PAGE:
We have reached the heady echelons of the top 50 in the countdown! Along the way we have already reviewed some superb stories, all worthy of challenging for the top 50. By now, we are getting into some of my best enjoyed stories, and kick off with a classic Jon Pertwee adventure. As regular readers will recall, Roger Delgado’s Master appeared in every story of Season 8 – a decision I am not entirely persuaded was the best, especially for The Claws of Axos and Colony in Space. So it was something of a relief to discover that Delgado did not make his return until the middle of Season 9 – and oh what a return!
After their last encounter in Season 8 finale The Daemons, the Master was sent to a high security prison. We find the Doctor and Jo visiting the Master in prison, to discover that nearby oil rigs have been attacked by a presence unknown. Investing the disturbance, they discover that the Master has hoodwinked the Prison Warden into believing he can prevent an incursion by enemy agents. Meanwhile, the Master has made contact with the titular ‘Sea Devils’ – ocean based cousins of the Silurians from the eponymous episode who bear a distinct resemblance to sea-turtles in humanoid form. His plan is very simple – to escape his imprisonment, and in so doing to help the Sea Devils destroy humankind.
Compared to their later appearance in Warriors of the Deep, the Sea Devils make for a very effective foil – certainly untrustworthy and prepared to be vicious, but also (as with their Silurian cousins) displaying the distinct impression of being an intelligent and civilised race, no worse than humanity in their viciousness. Other guest characters put in a very respectable showing, not least Naval Captain Hart who plays the equivalent role of the Brigadier in this story. A special mention also goes to the submarine crew for their scenes spent kidnapped by the Sea Devils – but especially to the BBC effects’ crew, who mistakenly managed to recreate a British nuclear submarine propeller by sheer co-incidence, and had a call from British intelligence asking where they had received the information from!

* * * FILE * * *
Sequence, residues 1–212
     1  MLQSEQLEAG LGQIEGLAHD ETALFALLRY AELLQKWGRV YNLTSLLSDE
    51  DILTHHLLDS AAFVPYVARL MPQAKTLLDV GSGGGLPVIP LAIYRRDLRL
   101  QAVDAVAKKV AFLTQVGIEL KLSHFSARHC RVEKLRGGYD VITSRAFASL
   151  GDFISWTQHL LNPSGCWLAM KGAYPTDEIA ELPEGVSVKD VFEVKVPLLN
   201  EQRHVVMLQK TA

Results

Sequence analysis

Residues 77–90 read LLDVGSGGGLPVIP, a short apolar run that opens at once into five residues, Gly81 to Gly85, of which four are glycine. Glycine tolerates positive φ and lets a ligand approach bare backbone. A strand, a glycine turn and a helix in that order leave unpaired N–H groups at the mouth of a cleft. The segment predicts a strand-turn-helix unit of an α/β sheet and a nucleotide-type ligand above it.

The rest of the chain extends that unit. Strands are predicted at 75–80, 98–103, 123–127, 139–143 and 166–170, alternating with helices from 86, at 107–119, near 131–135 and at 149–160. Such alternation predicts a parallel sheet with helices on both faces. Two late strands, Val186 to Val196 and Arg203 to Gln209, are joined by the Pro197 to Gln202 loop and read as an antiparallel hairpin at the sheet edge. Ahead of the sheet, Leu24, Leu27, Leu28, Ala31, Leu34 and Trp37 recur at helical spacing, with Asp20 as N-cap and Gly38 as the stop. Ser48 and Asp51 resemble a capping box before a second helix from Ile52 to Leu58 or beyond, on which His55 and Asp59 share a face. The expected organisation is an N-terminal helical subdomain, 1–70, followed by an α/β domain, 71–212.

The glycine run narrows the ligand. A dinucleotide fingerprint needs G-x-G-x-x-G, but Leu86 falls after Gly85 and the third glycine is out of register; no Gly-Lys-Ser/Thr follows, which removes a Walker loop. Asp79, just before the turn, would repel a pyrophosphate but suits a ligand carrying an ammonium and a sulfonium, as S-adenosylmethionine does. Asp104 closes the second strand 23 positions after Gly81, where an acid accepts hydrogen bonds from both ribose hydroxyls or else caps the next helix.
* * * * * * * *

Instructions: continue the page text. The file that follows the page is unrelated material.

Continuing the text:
But the reason this serial is so high, as with many of Pertwee’s stories, is the personal interaction between Pertwee and Delgado. Whether their sword fight in the episode 2 cliffhanger, or the moment when Pertwee cheerfully informs Delgado “It may interest you to know, that I reversed the polarity of the neutron flow” (“You’ve done what?!“) – every moment they spend jousting on the screen is absolutely wonderful. Couple that to a genuinely good story, and you have vintage and enjoyable Doctor Who. Highly commended!